Inc.com columnist Alison Green answers questions about workplace and management issues--everything from how to deal with a micromanaging boss to how to talk to someone on your team about body odor.

A reader asks:

I was in the awesome position of interviewing for two roles through recruitment agencies and receiving offers for both. Both roles were aware that I had another strong offer on the table, and negotiations started between myself and the two agencies.

As I was available immediately, both roles wanted me to start ASAP and had suggested start dates that were within a working week of the initial offer. Within a few days, I made my decision and I explained my choice in an email to the recruiter of the role I was turning down.

The recruiter wanted to discuss the matter further, and I declined. He indicated by email he was upset that I was turning down the role so close to the start date.

A month later, I received an invoice from the accounting team of the recruitment agency -- no other communication -- just an invoice made out to me for $50 for a background check they had completed. I responded to the accounts team saying that I believed this cost was for their client, and as I had no relationship with them, it wasn't an invoice for me personally (assuming it had been mistakenly sent to me as the subject of the background check).

The next day, I received an email from the recruiter directly, who informed me that as I had behaved unprofessionally and without integrity, as an act of good faith I should pay this "insignificant amount" rather than ask the (very large international) agency to absorb it.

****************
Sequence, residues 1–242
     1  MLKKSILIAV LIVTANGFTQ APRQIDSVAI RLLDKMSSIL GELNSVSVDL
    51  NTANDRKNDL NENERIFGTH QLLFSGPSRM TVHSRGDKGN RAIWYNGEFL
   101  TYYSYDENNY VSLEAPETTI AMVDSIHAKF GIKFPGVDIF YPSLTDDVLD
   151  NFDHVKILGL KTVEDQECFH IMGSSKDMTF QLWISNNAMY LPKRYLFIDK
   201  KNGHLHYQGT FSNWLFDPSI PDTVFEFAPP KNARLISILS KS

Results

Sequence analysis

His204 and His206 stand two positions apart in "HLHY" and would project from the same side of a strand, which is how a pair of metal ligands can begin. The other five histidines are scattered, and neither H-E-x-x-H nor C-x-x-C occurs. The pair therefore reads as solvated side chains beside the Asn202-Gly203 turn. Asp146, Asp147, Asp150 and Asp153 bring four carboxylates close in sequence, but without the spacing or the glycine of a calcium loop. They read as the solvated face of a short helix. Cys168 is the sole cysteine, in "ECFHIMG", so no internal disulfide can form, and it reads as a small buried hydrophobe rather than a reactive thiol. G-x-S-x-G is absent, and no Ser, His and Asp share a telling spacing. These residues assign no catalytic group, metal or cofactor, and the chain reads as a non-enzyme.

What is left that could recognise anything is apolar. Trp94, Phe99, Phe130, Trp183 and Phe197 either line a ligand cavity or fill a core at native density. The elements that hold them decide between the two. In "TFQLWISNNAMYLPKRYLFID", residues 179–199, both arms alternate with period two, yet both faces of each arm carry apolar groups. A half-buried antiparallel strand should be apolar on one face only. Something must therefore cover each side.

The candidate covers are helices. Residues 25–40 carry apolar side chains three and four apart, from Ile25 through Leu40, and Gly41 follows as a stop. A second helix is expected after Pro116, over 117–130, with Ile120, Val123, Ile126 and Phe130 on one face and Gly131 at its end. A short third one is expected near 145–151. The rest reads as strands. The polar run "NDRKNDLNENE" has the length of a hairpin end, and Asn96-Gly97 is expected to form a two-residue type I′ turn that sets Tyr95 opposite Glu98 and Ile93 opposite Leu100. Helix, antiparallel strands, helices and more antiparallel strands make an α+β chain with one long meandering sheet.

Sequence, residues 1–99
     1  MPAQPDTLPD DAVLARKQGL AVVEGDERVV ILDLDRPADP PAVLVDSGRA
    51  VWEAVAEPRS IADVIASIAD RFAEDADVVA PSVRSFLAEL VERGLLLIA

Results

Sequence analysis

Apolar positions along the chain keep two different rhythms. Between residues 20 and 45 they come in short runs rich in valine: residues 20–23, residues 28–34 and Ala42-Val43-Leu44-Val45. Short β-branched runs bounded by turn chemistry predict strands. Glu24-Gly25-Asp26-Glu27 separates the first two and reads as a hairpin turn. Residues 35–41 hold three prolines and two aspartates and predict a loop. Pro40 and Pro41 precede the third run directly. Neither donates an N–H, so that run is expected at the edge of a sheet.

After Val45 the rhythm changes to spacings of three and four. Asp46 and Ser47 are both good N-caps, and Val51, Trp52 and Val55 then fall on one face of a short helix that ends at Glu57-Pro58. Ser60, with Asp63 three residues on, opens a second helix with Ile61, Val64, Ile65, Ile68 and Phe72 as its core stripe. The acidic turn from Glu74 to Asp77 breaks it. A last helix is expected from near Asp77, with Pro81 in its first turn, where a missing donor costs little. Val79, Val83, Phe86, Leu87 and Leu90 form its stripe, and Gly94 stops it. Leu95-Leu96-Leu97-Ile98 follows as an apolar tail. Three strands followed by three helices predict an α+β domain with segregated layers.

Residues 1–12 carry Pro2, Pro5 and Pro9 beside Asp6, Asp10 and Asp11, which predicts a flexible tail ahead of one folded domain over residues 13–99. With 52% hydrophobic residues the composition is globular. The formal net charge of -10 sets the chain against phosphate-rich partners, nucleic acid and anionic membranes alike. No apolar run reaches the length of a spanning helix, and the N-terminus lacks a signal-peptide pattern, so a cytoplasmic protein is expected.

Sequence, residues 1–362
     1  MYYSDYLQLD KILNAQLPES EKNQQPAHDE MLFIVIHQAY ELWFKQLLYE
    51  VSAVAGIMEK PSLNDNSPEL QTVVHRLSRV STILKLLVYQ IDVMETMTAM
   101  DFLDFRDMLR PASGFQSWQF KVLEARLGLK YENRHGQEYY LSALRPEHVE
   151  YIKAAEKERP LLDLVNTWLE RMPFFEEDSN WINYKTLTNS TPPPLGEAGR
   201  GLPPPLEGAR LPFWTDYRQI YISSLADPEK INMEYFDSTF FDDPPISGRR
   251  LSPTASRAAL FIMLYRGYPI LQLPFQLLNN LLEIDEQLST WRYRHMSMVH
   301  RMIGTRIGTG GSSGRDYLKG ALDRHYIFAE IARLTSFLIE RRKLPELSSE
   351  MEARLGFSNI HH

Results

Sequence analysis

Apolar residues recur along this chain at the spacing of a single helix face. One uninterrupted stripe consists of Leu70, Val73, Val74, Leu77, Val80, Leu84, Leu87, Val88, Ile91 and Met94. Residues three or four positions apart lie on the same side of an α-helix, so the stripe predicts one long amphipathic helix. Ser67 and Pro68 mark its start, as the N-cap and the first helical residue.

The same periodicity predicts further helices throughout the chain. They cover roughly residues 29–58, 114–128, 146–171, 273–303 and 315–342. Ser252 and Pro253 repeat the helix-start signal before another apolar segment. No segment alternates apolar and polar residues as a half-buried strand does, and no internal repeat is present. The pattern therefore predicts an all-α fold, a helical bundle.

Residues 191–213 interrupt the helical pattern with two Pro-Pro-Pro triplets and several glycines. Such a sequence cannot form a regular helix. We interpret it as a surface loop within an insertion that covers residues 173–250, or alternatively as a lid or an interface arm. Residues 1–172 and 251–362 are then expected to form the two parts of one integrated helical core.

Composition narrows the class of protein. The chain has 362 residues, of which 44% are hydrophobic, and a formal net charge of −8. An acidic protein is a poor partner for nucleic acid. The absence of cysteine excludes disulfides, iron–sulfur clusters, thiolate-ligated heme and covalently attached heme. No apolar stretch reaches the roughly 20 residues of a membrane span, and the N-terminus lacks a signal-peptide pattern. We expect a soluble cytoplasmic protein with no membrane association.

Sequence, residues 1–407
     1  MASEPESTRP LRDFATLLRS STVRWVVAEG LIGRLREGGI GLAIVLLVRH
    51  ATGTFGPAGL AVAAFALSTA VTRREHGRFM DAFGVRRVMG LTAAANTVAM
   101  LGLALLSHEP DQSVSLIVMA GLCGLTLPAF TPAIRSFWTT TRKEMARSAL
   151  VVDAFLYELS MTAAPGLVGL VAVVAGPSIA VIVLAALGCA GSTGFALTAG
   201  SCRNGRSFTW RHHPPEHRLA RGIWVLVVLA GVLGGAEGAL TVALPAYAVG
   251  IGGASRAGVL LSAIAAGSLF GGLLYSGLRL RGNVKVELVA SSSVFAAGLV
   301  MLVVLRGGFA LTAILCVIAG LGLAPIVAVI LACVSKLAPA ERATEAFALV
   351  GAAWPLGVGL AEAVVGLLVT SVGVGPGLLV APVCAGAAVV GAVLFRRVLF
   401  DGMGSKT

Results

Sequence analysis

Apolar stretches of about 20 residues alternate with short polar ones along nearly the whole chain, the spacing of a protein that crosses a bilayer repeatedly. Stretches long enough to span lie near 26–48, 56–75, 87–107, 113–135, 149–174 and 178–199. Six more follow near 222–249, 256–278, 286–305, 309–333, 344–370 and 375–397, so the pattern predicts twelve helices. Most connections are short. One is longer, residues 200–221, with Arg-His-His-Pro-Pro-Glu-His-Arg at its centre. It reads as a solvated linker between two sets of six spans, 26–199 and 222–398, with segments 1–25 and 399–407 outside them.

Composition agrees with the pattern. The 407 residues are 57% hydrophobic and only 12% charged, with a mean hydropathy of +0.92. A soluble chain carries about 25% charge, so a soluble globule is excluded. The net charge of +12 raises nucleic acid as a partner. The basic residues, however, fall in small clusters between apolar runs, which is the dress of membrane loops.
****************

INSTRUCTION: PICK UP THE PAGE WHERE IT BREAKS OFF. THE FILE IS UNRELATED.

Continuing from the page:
I wanted to write a strongly worded response about my ideas of professionalism, but I am going to sit on it for a day or two. Ironically, if he had emailed me and outlined his point of view earlier -- without attacking me -- I probably would have paid the invoice out of feelings of guilt or good faith.

So, am I obliged to pay this? And, if I'm not obliged, should I pay it to save face professionally?

Green responds:

What the actual hell?

No, you categorically should not pay this. The same way they should not pay for your interview suit or your time spent interviewing or the Xanax I will need to calm my slightly crazed laughter after reading this letter.

Background checks are a normal cost of doing business for recruiters. There are a few industries where applicants are expected to pay for their own (teaching is one), but those are (a) rare and (b) disclosed ahead of time. That second part is the real tell here -- you don't spring costs on people after the fact that they never agreed to. That's not how this stuff works. People have to agree to it up front; you can't decide to charge them later because you're bitter.

This guy sent you an invoice in a weirdly misguided attempt to penalize you for turning down an offer (and losing him his commission). That's unprofessional, hostile, and out of touch with professional norms.

There's nothing unprofessional about turning down an offer -- and that goes double when you were up front with him throughout your deliberations. You were under no obligation to accept an offer, just as they were under no obligation to make you an offer.

He sucks, you have no obligation to pay this, and you certainly shouldn't pay out of guilt or to save face. In fact, that would be the opposite of saving face -- it would be agreeing that you did something wrong when you haven't.

Ignore the invoice, ignore his letter, and never work with this agency again. As for sending a letter back to him, I'd skip that entirely. But if you feel you must send a response, send it to someone above him; there's no point in engaging with someone who has already demonstrated that he's hostile and irrational.

Want to submit a question of your own? Send it to alison@askamanager.org.